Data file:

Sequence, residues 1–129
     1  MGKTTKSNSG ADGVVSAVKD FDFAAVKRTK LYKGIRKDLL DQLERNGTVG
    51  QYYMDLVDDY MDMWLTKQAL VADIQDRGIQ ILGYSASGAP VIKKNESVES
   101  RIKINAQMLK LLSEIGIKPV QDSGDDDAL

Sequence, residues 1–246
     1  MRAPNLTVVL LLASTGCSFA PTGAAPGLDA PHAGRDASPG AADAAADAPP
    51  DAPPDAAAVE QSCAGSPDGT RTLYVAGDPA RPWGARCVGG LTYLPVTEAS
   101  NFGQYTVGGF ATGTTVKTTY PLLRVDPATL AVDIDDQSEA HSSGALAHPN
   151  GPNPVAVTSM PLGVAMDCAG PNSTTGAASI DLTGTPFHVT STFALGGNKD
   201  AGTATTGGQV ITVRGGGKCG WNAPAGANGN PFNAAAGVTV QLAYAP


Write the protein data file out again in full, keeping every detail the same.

Sequence, residues 1–129
     1  MGKTTKSNSG ADGVVSAVKD FDFAAVKRTK LYKGIRKDLL DQLERNGTVG
    51  QYYMDLVDDY MDMWLTKQAL VADIQDRGIQ ILGYSASGAP VIKKNESVES
   101  RIKINAQMLK LLSEIGIKPV QDSGDDDAL

Sequence, residues 1–246
     1  MRAPNLTVVL LLASTGCSFA PTGAAPGLDA PHAGRDASPG AADAAADAPP
    51  DAPPDAAAVE QSCAGSPDGT RTLYVAGDPA RPWGARCVGG LTYLPVTEAS
   101  NFGQYTVGGF ATGTTVKTTY PLLRVDPATL AVDIDDQSEA HSSGALAHPN
   151  GPNPVAVTSM PLGVAMDCAG PNSTTGAASI DLTGTPFHVT STFALGGNKD
   201  AGTATTGGQV ITVRGGGKCG WNAPAGANGN PFNAAAGVTV QLAYAP